The good ol' boys at the Royal and Ancient Golf Club of St. Andrews will allow U.S. Golf Association president Judy Bell to eat in their men-only dining room and are busy making plans to honor her "in recognition of her achievements" as the first woman to hold the USGA's highest office. But don't get any crazy ideas: Bell has no shot at becoming a member of the R&A, an honor granted to the last 10 USGA presidents.
"It was a matter of some debate by the policy committee, but it was decided that it would be wrong to make her a member," says George Wilson, deputy secretary of the R&A. The R&A concluded that if Bell were invited, it would create a bad precedent. After all, even Her Majesty the Queen of the United Kingdom isn't a member. Not that being a woman has anything to do with it, the R&A would have you believe.
"There's nothing in the rules that says there shan't be lady members," Wilson says. "I'm afraid that's the way the club has evolved. I don't believe a woman would want to be a member, and I'm sure Judy feels the same way."
In fact, she does. A traditionalist, Bell is a member of two all-women golf clubs in Scotland, one in St. Andrews and another at Royal Troon. She says she has an excellent working relationship with the R&A and points out that her predecessors at the USGA were all R&A members before taking office.
"I'm not bothered by it at all," she says. "And this isn't contrived. It's the way I feel."
Appearance fees are verboten on the PGA Tour, but there's nothing in the rules against giving a player a long-distance lift. When Raymond Floyd decided that he would have to skip last week's Bruno's Classic in Birmingham to see his sons play in the NCAA Championships outside Chattanooga, Bruno's officials suggested an alternative. Would Floyd play if he were shuttled back and forth to the NCAAs? When he answered in the affirmative, an anonymous "friend of the tournament" donated a helicopter, and Floyd commuted the 120 miles to watch Raymond Jr. ( Wake Forest) and Robert ( Florida) play for the national title. Having the helicopter was worth $28,875 to Dad, who won that much for tying for eighth. He didn't get to see a whole lot of Ray Jr., whose team missed the cut, but Robert shot 305 to place 35th and help Florida tie for sixth.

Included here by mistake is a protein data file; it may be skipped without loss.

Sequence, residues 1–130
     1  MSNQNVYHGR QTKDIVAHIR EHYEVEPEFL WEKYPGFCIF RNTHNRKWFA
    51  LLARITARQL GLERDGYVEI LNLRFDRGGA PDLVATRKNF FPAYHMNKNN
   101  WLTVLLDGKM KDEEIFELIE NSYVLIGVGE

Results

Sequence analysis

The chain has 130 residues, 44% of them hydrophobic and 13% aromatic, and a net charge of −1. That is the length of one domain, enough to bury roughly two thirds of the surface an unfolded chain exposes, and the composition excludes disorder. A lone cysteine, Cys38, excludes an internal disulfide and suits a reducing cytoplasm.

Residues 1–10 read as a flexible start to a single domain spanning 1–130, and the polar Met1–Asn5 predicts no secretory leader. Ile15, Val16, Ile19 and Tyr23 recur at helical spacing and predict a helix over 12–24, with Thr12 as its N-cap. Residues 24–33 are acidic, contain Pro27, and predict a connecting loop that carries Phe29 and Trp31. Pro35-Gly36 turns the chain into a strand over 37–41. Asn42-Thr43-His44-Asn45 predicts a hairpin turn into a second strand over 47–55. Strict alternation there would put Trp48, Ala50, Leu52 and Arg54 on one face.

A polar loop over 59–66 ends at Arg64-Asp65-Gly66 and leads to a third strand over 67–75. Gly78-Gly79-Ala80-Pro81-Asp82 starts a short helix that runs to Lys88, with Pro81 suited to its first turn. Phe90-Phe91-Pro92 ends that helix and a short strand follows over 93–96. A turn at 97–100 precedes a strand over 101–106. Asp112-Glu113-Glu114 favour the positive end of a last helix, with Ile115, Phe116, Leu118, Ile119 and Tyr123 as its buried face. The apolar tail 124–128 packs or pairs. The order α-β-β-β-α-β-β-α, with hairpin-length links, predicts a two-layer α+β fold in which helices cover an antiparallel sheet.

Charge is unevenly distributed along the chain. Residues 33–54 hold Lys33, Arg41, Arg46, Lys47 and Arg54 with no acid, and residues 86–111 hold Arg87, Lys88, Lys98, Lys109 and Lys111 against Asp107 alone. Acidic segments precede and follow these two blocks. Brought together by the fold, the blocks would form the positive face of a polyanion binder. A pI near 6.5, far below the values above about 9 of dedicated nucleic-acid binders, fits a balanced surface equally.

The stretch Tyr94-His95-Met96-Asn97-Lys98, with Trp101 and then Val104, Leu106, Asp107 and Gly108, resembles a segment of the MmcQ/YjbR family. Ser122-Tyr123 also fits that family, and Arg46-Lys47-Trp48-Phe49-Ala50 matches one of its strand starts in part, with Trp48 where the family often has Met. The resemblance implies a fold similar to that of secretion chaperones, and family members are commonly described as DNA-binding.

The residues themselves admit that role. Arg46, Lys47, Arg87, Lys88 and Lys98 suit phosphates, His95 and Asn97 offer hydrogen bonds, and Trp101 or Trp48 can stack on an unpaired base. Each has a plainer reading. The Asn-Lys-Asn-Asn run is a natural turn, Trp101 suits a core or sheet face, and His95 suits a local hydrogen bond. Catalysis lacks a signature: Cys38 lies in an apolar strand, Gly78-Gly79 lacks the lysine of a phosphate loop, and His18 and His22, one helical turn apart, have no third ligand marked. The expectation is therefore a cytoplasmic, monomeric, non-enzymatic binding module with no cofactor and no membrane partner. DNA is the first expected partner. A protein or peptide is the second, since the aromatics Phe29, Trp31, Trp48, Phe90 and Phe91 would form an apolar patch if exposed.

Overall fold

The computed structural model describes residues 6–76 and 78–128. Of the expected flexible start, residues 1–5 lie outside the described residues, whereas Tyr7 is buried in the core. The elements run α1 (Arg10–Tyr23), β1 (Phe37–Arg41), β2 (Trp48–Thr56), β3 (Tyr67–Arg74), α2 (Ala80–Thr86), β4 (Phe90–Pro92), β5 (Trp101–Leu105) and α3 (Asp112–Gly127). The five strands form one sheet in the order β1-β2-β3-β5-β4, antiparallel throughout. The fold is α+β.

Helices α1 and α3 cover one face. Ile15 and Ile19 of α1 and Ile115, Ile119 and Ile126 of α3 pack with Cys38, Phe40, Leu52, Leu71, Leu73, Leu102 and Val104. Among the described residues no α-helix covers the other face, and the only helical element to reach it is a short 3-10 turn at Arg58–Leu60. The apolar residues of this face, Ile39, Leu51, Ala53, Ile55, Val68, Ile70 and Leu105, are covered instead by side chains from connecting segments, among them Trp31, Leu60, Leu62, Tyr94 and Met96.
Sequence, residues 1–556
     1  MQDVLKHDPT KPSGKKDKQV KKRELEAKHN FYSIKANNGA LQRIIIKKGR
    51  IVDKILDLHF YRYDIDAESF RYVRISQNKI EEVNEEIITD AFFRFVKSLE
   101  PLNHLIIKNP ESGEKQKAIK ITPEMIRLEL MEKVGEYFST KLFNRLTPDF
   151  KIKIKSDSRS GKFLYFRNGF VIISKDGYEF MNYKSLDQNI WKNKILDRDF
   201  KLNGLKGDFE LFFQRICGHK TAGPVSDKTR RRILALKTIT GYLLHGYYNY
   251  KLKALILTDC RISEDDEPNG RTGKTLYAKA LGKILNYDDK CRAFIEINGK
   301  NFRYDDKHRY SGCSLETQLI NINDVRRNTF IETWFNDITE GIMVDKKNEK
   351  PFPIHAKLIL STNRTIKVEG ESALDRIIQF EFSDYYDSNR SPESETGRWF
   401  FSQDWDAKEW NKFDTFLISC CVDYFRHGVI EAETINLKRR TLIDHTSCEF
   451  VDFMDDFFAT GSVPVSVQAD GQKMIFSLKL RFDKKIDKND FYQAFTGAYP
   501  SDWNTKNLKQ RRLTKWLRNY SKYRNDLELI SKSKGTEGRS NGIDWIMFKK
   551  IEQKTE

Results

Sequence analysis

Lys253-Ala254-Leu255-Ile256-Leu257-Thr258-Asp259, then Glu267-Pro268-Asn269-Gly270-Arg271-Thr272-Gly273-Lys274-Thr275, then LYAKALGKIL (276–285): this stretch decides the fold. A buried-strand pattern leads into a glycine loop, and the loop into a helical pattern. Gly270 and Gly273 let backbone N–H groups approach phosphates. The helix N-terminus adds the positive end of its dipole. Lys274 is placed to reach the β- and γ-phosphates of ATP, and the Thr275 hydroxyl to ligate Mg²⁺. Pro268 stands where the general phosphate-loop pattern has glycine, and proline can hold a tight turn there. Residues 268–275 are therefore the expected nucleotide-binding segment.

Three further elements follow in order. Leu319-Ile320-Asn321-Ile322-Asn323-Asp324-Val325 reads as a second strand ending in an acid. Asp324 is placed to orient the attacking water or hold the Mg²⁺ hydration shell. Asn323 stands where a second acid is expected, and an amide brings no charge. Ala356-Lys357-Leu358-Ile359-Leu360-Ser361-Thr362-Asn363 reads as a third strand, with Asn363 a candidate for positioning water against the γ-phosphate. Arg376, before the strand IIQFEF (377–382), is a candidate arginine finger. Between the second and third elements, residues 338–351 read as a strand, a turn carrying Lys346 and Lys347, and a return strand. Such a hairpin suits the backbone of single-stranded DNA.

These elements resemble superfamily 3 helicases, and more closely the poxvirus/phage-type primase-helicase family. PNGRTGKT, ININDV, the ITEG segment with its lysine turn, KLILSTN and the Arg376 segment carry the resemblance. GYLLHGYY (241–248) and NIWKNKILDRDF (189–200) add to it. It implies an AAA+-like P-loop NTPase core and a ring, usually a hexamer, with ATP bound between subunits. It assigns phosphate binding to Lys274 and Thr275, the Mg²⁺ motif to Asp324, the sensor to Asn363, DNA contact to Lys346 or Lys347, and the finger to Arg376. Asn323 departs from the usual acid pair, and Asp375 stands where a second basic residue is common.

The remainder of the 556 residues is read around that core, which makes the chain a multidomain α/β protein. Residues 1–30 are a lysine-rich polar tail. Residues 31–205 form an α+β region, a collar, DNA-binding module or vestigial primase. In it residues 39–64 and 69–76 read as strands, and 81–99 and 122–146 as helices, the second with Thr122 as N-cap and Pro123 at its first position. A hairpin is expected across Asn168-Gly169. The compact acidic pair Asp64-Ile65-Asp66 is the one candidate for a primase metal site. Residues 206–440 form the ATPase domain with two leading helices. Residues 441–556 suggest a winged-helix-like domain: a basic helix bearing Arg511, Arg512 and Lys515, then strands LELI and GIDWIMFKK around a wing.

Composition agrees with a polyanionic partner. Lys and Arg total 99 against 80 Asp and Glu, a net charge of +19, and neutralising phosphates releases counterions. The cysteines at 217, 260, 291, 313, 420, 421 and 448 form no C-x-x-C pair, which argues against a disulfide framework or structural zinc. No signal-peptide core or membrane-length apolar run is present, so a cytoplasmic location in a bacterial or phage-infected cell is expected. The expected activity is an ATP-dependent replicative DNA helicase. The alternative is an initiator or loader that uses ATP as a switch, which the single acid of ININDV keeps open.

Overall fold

Ladies in Waiting
There are certain things you can count on at any U.S. Open: ankle-high rough, long layouts and, especially at the Women's Opens, numbingly slow play during the first two rounds. At Colonial in Fort Worth in 1991, the waiting game got so bad during the first day that, just to make a point, Lori Garbacz ordered a pizza on the 14th hole, and it was delivered while she waited on the 17th tee.
So while the traffic jams last Thursday at Pine Needles were hardly appreciated, they were not unexpected. "The course changed a lot during the day," Beth Daniel said after her round, "which I guess is not atypical for a five-hour-and-20-minute round of golf."
The delays stem from the fact that all players go off from the 1st tee in most USGA events. Kendra Graham, the USGA's director of women's competitions, says split tees (groups beginning rounds on both the 10th and 1st holes) is not an option because "the course architect intended golf to be played from 1 to 18, with everyone playing the same holes in the same sequence."